next; it focuses on middleware systems programming topics, such as synchronous and asynchronous concurrency models, background service processing, structured data management, local inter-process communication and networking. This MOOC introduces the concepts
and knowledge needed to connect the user-facing and service-based components, built in the first two courses, to the cloud.
If you just want to take some of the MOOCs in this sequence or take them all in different order you’re certainly welcome to do so, and you’ll still learn a lot. If you take all the MOOCs in this sequence in the order presented, however, you’ll gain a
deeper, end-to-end understanding of handheld systems, their applications and services, as well as their integration into the cloud.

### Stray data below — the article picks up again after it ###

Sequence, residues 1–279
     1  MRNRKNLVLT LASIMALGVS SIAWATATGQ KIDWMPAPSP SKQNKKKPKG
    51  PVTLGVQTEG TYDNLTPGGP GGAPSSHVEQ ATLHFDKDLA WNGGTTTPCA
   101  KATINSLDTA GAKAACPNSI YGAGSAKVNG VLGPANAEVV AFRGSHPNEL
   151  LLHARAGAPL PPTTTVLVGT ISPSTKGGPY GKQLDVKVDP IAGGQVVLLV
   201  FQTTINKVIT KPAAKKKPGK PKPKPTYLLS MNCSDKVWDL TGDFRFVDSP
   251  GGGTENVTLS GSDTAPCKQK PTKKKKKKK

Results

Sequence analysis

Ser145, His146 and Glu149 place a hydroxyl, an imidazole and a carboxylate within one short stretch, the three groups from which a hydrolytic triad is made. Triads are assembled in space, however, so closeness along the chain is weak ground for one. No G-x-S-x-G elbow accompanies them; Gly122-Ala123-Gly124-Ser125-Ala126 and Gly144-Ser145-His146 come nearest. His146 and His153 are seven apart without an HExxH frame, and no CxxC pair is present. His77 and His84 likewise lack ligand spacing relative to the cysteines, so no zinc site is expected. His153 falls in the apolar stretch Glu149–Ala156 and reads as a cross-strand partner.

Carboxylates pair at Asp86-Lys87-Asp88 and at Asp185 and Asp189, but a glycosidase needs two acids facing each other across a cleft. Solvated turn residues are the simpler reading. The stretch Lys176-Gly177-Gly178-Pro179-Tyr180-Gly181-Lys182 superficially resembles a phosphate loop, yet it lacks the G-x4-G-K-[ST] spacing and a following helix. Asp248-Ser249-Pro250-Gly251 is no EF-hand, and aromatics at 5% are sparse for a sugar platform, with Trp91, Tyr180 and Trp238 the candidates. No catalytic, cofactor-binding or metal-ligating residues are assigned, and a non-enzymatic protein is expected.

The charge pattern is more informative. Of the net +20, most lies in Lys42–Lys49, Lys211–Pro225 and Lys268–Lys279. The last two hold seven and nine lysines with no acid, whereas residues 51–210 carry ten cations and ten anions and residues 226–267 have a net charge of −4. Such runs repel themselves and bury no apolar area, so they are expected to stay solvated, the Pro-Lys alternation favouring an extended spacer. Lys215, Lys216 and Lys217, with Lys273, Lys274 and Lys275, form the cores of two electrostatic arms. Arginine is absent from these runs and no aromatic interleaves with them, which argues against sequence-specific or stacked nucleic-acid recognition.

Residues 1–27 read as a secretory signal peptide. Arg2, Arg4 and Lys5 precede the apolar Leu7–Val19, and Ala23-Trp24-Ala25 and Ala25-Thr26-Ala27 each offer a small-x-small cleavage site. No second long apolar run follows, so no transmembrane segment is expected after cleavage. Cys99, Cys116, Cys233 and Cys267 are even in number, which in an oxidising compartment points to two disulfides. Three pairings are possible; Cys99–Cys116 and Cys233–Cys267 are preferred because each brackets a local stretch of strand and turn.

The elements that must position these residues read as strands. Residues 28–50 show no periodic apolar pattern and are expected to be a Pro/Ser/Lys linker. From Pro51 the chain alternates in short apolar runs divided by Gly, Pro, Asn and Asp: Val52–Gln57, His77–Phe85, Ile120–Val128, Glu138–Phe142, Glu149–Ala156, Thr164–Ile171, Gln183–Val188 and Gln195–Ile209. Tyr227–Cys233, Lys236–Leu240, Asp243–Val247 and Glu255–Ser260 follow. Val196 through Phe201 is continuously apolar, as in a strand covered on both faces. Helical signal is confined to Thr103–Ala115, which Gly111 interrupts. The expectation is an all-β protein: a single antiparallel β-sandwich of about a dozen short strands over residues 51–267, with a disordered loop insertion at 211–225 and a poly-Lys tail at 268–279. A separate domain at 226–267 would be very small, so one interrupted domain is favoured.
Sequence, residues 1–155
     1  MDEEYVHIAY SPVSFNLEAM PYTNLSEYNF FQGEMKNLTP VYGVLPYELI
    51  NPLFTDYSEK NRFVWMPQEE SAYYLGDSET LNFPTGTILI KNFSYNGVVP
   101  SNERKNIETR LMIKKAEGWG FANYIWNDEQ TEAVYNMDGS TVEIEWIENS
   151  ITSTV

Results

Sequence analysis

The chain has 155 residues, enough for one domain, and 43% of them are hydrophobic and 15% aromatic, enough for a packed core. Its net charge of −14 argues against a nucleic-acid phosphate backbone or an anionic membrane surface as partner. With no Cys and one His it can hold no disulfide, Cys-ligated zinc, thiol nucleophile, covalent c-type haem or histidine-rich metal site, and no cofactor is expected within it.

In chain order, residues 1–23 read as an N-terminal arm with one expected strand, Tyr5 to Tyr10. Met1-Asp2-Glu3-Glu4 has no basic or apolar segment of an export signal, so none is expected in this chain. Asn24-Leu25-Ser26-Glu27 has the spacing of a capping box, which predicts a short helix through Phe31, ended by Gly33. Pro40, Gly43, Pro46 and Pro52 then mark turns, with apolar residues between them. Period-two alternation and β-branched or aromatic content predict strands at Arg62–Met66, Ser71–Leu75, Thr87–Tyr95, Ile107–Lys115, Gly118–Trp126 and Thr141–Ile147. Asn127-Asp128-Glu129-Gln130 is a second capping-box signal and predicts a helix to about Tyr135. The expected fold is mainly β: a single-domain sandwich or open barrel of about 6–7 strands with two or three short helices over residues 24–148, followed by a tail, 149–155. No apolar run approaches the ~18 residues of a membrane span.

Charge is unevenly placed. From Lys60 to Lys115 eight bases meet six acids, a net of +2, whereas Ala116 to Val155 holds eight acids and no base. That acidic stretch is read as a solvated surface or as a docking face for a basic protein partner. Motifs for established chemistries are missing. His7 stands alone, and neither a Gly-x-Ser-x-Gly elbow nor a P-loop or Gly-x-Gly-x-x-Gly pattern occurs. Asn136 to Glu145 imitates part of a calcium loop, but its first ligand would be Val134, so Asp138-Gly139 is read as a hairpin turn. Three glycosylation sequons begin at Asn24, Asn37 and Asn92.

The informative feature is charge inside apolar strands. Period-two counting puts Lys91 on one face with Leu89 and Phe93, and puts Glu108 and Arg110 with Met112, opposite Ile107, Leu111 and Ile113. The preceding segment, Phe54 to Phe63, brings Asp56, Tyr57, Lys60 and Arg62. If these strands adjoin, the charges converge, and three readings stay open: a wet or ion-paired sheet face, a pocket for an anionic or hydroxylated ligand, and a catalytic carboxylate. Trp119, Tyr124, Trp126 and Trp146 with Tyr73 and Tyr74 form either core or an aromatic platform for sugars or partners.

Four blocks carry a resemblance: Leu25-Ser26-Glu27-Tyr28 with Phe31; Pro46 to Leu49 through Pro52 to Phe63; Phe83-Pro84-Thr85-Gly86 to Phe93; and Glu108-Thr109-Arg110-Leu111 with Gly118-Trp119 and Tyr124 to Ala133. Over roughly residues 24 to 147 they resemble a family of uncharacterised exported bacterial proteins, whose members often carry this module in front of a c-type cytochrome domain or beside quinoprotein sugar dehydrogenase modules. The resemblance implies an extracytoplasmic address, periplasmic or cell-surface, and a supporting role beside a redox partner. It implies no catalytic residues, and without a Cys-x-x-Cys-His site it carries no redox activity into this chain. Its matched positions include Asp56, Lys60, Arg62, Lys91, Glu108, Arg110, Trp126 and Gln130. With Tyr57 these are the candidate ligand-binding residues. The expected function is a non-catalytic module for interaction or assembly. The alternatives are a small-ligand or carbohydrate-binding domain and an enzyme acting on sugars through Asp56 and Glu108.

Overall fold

The course is organized into the sections outlined below.
Section 1: Talking to the Cloud with HTTP
Section 2: Building Java Cloud Services
- Module 1: The HTTP Protocol
- What are Communication Protocols?
- Intro to HTTP
- Why HTTP?
- What is a cloud service?
- HTTP Request Methods
- HTTP Request Anatomy
- URLs Query Parameters
- Mime Types Content Type Header
- Request Body Encoding
- HTTP Response Anatomy
- HTTP Response Codes
- Module 2: Designing Applications with HTTP Communication
- Building Cloud Services on HTTP
- Protocol Layering / HTTP Design Methodologies
- HTTP Polling
- Push Messaging
- Module 1: Java Servlets
- What are Servlets?
- A First Cloud Service with a Servlet
- Video Servlet Code Walkthrough
- Video Servlet Test Walkthrough with HttpClient
- Securely Handling Client Data Avoiding Injection Attacks
Section 3: Building Database-driven Java Cloud Services